Thursday, August 21, 2014

Draw puts Murray and Djokovic in same quarter

The 2014 US Open draw was released today with Novak Djokovic and Andy Murray drawn in the same quarter and Roger Federer and Grigor Dimitrov in the bottom quarter

Here's a quick overview of the draw:

Toughest Path: Andy Murray

It has been a tough 13 months for the Scot. Since becoming the first British man since Fred Perry to win Wimbledon, Murray hasn't reached a final at any tournament. It will be tough for Murray to end that drought in the next two weeks at Flushing Meadows or even reach the semifinals.

Murray opens against Robin Haase, who beat Murray in 2008 and took the No. 8 seed to five sets in 2011 at the US Open. Murray's second round opponent will be either a qualifier or Radek Stepanek. This is the fourth consecutive big tournament where Stepanek has been drawn to face a member of the Big Four in the second round. Stepanek has already beaten Murray this year at Queen's club and has won three of the last six sets he has played against Murray on hard courts.

Murray will likely face Fernando Verdasco in the third round. In 2009, Verdasco beat Murray in five sets at the Australian Open. Also, en route to Murray's title at Wimbledon, Verdasco won the first two sets in their quarterfinal match. As tough as those first week matches are for Murray, things step up a level quickly in the second week.

Murray should face Jo-Wilfried Tsonga in the fourth round. Tsonga defeated Murray just a few weeks ago in Canada on his way to a second career Masters 1000 title. After a short visit to Cincinnati, Tsonga has had plenty of time to prepare for the US Open and before the draw was among the favorites outside of Roger Federer and Novak Djokovic to take the title.

If Murrray survives those first four tests, he will be rewarded with Djokovic, the No. 1 seed. Murray defeated Djokovic for that Wimbledon title. If Murray does pull off this upset, it would be the perfect way to end this slump in his career. Murray's probably opponents in the semifinals and final are the pair of Swiss men, Stan Wawrinka then Federer.

Easiest Path: David Ferrer
Ferrer opens play against Damir Dzumhur, who is playing in just his third main draw of a grand slam in his career. Dzumhur has only played one other top 10 match, which he lost in straight sets with only eight games won. Next Ferrer will face the winner of Bernard Tomic and Dustin Brown. Ferrer has won nine of the 10 sets he has played against those two players.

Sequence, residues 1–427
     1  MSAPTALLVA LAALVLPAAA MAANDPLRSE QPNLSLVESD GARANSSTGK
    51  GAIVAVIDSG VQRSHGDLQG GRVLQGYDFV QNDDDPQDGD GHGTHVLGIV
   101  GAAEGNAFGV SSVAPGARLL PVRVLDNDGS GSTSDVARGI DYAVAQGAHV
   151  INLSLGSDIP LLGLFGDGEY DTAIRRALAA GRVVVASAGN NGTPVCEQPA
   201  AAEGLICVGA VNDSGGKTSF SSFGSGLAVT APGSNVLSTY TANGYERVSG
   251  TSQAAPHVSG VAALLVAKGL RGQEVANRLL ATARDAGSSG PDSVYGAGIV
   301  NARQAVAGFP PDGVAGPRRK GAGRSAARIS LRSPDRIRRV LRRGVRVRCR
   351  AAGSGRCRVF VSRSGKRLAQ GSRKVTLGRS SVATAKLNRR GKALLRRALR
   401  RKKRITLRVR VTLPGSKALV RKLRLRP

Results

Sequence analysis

Ferrer will likely play Simon in the third round. Simon beat Ferrer on hard courts in 2011 at Cincinnati, but has lost seven consecutive sets to Ferrer since then including two break sticks and a bagel. Add to that this is Simon's worst season in recent memory, and Ferrer should get through this in three quick sets. Things get tougher for Ferrer in the second week with either Kevin Anderson or Marin Cilic in the fourth round.

Anderson beat an injured Ferrer earlier this year, but other than that match, Ferrer has won three of their four meetings. Cilic, who is Ferrer's more likely opponent, hasn't beaten the Spaniard since 2009.

Ferrer's quarterfinal opponent could be several different players. Berdych is the highest seeded opponent he could face. Ferrer leads the head-to-head record against Berdych 7-5. In the semifinals, Ferrer could face Federer and then potentially Djokovic in the final.

Most exciting potential match ups per round
1st Round: Lleyton Hewitt vs. Tomas Berdych
2nd Round: Dominic Thiem vs. Ernests Gulbis
3rd Round: Roger Federer vs. Ivo Karlovic
4th Round: Andy Murray vs. Jo-Wilfried Tsonga
Quarterfinals: Roger Federer vs. Grigor Dimitrov
Semifinals: Novak Djokovic vs. Stan Wawrinka
Final: Novak Djokovic vs. Roger Federer

The most open Open in the Open Era: Since Novak Djokovic's loss to Tommy Robredo in Cincinnati, this event has been named the most open US Open ever and the draw certainly helped that argument. After Roland Garros, Djokovic and Rafael Nadal were the clear favorites for the US Open. But then Nadal had a right wrist injury, leaving Djokovic as a clear favorite. However, "clear" is nothing anymore.

Djokovic was upset in his second match in both Canada and Cincinnati and was not convincing in either of his wins. On top of that, Djokovic has a tough draw with potential match ups with Gilles Muller, John Isner, and Milos Raonic, who all have the kind of serves that Djokovic struggles with. He also has potential match ups with Andy Murray and Stan Wawrinka before the final.

Roger Federer now considered the favorite by some based on his form in Wimbledon, Canada, and Cincinnati along with a very beneficial draw. Still, Federer has won just one slam in the last 55 months and none since July 2012. At 33-years old, it would be one of the biggest shocks of the year if Federer won the US Open after not reaching a final on a hard court at a slam since Australian Open 2010.